Thursday, 02 July 2020 06:01

Naira to depreciate further as forex shortage projected to hit $5bn

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Nigerian banks’ foreign currency funding gap will rise to $5bn over the current low oil prices, volatile foreign inflows and lower remittances amid coronavirus pandemic, Moody’s Investors Service said on Wednesday.

Moody’s, in its July 2020 report, titled ‘Renewed foreign-currency shortages highlight vulnerability for banks’, said the challenges were threatening to renew  foreign currency liquidity pressures that blighted Nigerian banks during a previous oil crisis in 2016-2017.

A banking analyst at Moody’s, Mr Peter Mushangwe, said, “Lower dollar inflows at a time when foreign currency borrowing will likely be more expensive for Nigerian banks will strain their foreign currency funding, despite substantial improvements compared to 2016.

“Our moderate scenario where foreign-currency deposits decline by 20 per cent, while loans remain constant, would increase rated banks’ funding gap to N1.5tn [$3.8bn], and to N1.9tn [$5.0bn] under our severe-case scenario of 35 per cent foreign-currency deposit contraction, creating acute funding challenge.”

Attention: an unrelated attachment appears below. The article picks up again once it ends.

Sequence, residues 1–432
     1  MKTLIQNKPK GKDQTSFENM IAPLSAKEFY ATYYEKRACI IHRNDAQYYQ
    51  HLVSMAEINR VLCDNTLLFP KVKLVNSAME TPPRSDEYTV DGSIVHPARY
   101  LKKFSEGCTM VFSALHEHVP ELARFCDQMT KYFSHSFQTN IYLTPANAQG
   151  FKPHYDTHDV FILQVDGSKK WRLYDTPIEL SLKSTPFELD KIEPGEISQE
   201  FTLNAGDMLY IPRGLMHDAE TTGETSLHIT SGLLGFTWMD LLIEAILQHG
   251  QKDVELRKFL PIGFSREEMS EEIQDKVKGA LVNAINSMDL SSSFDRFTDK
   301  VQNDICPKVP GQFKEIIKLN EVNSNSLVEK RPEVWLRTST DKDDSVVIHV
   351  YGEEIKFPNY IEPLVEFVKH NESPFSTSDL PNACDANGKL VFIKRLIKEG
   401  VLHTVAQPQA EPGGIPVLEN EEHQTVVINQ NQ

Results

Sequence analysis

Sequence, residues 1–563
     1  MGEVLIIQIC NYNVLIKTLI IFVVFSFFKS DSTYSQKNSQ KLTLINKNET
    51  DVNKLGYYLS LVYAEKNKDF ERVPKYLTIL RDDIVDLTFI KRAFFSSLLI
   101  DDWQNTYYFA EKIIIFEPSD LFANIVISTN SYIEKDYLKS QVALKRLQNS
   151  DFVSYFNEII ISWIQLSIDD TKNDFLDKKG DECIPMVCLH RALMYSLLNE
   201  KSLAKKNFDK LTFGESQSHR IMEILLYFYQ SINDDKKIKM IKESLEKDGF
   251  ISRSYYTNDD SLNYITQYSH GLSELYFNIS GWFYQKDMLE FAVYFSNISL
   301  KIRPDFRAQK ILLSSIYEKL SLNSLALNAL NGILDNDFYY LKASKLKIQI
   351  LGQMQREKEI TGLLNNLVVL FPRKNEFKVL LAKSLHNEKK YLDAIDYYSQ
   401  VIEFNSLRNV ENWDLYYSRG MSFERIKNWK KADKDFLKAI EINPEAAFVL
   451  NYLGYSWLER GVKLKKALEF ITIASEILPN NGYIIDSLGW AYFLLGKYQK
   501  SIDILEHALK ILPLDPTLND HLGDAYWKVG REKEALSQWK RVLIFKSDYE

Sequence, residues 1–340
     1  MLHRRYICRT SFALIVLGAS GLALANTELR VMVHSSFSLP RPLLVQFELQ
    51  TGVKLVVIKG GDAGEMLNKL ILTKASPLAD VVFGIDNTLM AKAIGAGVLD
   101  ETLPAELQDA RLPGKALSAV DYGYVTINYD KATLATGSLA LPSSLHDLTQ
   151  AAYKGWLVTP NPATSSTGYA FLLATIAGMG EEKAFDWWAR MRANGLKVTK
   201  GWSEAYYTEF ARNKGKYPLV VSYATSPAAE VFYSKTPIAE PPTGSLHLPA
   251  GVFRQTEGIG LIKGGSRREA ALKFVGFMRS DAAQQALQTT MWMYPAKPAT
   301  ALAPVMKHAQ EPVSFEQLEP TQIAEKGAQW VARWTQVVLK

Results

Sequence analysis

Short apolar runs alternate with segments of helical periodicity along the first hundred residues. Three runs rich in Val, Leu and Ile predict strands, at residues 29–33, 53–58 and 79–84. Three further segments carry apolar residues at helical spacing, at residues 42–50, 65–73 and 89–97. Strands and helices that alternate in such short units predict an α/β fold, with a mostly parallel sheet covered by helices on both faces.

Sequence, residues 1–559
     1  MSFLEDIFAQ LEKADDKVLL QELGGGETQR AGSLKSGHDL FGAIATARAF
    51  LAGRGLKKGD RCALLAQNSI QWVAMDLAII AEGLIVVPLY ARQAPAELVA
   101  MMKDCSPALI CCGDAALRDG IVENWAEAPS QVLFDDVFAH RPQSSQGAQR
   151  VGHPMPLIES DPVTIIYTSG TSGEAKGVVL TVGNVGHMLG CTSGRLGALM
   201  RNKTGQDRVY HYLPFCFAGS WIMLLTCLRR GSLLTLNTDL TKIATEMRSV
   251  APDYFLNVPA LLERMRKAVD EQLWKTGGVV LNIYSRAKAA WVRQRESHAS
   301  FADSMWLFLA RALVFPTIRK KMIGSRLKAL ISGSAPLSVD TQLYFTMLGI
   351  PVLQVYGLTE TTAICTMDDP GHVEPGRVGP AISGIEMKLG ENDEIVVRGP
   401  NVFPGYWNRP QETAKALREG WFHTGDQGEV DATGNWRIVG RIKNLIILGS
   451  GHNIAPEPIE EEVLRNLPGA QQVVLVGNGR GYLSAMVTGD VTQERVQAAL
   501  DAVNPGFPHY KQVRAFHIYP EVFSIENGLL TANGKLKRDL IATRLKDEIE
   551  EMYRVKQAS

According to the report, dollar shortages will intensify over the next 12-18 months if low oil prices persist, rekindling the foreign-currency liquidity crisis that led to severe dollar rationing during the last oil price crash in 2015-2017.

It, however, added that different from three years ago, Moody’s rated banks were in better shape as they had bolstered their dollar deposit bases and liquid assets.

“Nevertheless, they remain vulnerable to an acute liquidity crunch if dollar deposits reduce by 20 per cent or more,” the report added.

According to Moody’s, foreign-currency availability will continue to tighten.

It said the lower dollar revenue from exports of oil, volatile foreign investment flows and reduced remittances from Nigerians working abroad would constrain dollar flows into the banking system for the remainder of 2020 and in 2021.

“Already, in the last quarter of 2019, annual foreign-currency deposit growth slowed sharply to eight per cent, from 24 per cent and 35 per cent in the two previous quarters respectively,” it said.

The report said foreign-currency borrowing would be more expensive at a time when banks had to refinance almost half of their borrowings.

It said Nigeria’s credit default swap spread, a proxy for sentiment on Nigerian credit, had increased substantially following the latest oil price slump.

It added that about 49 per cent of banks’ $7bn foreign-currency borrowings was maturing in the next 12 to 18 months, creating funding pressure amid slowing dollar deposit flows and likely higher market funding costs.

 

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